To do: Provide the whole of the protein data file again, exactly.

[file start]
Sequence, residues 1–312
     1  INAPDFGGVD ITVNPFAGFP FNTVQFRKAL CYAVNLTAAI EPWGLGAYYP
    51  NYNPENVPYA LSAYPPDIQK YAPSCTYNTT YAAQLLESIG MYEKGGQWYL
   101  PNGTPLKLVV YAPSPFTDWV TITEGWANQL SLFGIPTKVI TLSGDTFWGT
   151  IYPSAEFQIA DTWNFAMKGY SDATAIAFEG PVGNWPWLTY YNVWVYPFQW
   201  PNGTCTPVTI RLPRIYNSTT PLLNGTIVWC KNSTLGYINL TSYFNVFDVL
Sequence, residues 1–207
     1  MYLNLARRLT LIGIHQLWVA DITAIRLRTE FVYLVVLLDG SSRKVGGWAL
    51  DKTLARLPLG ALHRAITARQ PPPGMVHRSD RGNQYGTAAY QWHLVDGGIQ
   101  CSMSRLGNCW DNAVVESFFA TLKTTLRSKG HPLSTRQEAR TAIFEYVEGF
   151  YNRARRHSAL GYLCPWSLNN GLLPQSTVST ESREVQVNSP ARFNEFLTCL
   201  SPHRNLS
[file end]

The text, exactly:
Sequence, residues 1–312
     1  INAPDFGGVD ITVNPFAGFP FNTVQFRKAL CYAVNLTAAI EPWGLGAYYP
    51  NYNPENVPYA LSAYPPDIQK YAPSCTYNTT YAAQLLESIG MYEKGGQWYL
   101  PNGTPLKLVV YAPSPFTDWV TITEGWANQL SLFGIPTKVI TLSGDTFWGT
   151  IYPSAEFQIA DTWNFAMKGY SDATAIAFEG PVGNWPWLTY YNVWVYPFQW
   201  PNGTCTPVTI RLPRIYNSTT PLLNGTIVWC KNSTLGYINL TSYFNVFDVL
Sequence, residues 1–207
     1  MYLNLARRLT LIGIHQLWVA DITAIRLRTE FVYLVVLLDG SSRKVGGWAL
    51  DKTLARLPLG ALHRAITARQ PPPGMVHRSD RGNQYGTAAY QWHLVDGGIQ
   101  CSMSRLGNCW DNAVVESFFA TLKTTLRSKG HPLSTRQEAR TAIFEYVEGF
   151  YNRARRHSAL GYLCPWSLNN GLLPQSTVST ESREVQVNSP ARFNEFLTCL
   201  SPHRNLS